Friday, May 27, 2016

Pugin and St. Augustine of Canterbury

St. Bede the Venerable, St. Philip Neri, and now St. Augustine of Canterbury, there has been quite a sequence of English or English related saints this week. In The Catholic Herald, Father Marcus Holden discusses the revival of St. Augustine's Ramsgate, the shrine church designed and built by A.W.G. Pugin:

Pugin’s church of St Augustine in Ramsgate became a shrine in 2012. It is now the official place to honour the coming of Christianity from Rome to the Anglo-Saxon people with the mission of St Augustine.

In a stunning location overlooking the sea, the shrine is near to where St Augustine first landed in AD 597. Augustus Pugin moved to this place and built his own “ideal” church (and was buried there) precisely because “blessed Austen had landed nearby”. He called it “the cradle of Catholicism in England”.

Pugin desired a rebirth of Catholic culture in the place where it had been first conceived. When Archbishop Peter Smith inaugurated the new shrine he was filling a gap of 474 years since the last great shrine of St Augustine had been destroyed in Canterbury. This significant act has inspired thousands of pilgrims to visit ever since.

Shrines are powerhouses of the new evangelisation. At St Augustine’s, the majority of our visitors are not Catholic and yet they too enjoy the experience. Beauty reaches everyone. Heritage is a forgotten tool for sharing the faith in a gentle, non-intrusive manner.

At present we are welcoming more than 10,000 visitors each year and that number is increasing. The shrine celebrates liturgy to a very high standard in both the Ordinary and Extraordinary Forms. Artists and historians are making important contributions. Last year we also launched with Explore Kent a signed walking route called “the Way of St Augustine”. It connects Canterbury to Ramsgate, following the route that the saint took after preaching to King Ethelbert.

More about St. Augustine of Canterbury from the shrine Pugin built:

Augustine of England was a Benedictine monk who became the first Archbishop of Canterbury in the year 597. He is considered the “Apostle to the English” and a founder of the English Church. Augustine was the prior of the monastery of St Andrew in Rome when Pope Gregory the Great chose him in 595 to lead a mission, usually known as the Gregorian mission, to convert the English from paganism. The Anglo-Saxons had invaded and settled on the island of Britannia one hundred and fifty years before. In 597, Augustine landed on the Isle of Thanet. At a meeting at Ebbesfleet with King Ethelbert, the principal ruler of the Anglo-Saxons, Augustine first proclaimed the gospel to the English. Augustine and his group of forty monks were invited back to Canterbury and through their holy lives, miracles and preaching converted 10,000 souls. King Ethelbert was also baptised and allowed the monks to establish a Cathedral church and a Monastery. There began the long and fruitful Christian history of the English people. From Augustine’s foundation missionaries were sent to establish the Christian faith in London, Rochester and York. He probably died on 26th May 604 and was soon revered as a saint. Many centuries of devotion followed. In 1534 his shrine at Canterbury was destroyed only to be restored on 1st March 2012 on the Isle of Thanet near to where he first landed, at Pugin’s Church of St Augustine, Ramsgate.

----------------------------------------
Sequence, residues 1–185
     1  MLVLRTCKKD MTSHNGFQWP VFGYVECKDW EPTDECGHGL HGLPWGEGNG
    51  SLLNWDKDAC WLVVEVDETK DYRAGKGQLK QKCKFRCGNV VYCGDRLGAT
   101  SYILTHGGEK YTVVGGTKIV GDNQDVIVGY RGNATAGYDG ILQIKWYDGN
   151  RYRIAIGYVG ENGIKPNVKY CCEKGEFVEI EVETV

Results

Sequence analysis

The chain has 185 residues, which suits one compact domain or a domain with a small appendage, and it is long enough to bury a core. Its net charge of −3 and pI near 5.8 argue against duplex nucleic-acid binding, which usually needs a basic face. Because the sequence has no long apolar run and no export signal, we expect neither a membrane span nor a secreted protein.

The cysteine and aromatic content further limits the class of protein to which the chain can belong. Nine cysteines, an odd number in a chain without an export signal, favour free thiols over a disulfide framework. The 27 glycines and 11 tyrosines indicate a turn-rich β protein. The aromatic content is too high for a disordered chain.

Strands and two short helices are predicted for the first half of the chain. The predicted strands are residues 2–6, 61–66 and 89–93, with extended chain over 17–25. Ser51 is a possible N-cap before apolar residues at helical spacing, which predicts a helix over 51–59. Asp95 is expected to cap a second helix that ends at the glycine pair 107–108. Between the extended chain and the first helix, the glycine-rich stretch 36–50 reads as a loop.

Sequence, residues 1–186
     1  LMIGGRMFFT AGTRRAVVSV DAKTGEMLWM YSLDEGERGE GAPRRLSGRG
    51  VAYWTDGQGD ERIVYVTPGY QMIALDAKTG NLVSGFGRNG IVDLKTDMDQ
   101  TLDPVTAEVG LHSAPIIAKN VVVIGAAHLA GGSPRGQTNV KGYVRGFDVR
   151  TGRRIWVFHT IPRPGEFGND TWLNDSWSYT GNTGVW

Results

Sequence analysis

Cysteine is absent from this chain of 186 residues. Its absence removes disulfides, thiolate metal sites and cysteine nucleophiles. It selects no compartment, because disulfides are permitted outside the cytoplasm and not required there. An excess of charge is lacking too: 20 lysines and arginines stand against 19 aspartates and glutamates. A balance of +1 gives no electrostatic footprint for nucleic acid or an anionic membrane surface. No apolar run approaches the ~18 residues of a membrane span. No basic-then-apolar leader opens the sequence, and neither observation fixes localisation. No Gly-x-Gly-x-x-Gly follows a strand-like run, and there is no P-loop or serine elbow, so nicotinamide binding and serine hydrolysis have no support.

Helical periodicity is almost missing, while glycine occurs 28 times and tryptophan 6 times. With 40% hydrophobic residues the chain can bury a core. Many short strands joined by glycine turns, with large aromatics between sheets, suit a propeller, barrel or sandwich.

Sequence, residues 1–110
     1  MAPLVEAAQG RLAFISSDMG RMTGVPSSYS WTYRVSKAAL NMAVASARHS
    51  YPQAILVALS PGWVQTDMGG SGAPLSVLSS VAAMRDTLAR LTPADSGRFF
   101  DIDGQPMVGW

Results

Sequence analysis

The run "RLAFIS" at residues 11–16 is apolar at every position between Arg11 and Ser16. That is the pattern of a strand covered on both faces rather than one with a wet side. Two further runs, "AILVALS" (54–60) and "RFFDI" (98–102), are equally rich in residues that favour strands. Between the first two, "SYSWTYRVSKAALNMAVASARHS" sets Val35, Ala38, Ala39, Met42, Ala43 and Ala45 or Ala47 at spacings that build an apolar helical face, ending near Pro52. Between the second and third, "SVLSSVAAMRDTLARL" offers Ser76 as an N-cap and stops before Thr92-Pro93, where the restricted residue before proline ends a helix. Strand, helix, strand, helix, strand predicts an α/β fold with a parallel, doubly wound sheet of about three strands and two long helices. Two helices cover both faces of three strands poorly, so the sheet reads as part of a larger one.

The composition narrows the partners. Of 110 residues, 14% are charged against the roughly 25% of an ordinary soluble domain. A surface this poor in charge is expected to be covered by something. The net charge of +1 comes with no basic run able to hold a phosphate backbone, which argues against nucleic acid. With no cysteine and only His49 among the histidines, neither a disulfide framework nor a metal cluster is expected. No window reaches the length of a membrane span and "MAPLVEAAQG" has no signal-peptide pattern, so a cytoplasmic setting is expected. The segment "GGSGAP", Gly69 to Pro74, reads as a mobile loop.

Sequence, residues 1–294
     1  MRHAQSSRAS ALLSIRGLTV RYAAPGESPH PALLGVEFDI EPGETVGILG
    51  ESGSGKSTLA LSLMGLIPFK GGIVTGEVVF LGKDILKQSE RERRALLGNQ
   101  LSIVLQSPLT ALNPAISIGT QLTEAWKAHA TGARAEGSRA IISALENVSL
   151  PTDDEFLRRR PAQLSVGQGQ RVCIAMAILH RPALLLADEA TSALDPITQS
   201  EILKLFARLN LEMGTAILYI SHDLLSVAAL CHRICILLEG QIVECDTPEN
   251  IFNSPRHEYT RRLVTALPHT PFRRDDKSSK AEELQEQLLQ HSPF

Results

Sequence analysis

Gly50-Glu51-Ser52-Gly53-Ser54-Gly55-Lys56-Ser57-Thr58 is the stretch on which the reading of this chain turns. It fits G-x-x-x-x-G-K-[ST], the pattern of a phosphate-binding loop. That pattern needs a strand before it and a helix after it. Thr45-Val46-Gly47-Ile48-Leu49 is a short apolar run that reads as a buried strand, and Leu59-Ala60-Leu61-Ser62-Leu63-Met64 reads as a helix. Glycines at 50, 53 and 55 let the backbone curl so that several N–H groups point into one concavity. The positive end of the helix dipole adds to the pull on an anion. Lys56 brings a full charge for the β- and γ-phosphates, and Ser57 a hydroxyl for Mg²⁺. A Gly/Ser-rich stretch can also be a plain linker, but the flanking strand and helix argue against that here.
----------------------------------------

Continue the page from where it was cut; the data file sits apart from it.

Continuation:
St. Augustine of Canterbury, pray for us!

(Image credit: Wikipedia Commons, public domain).

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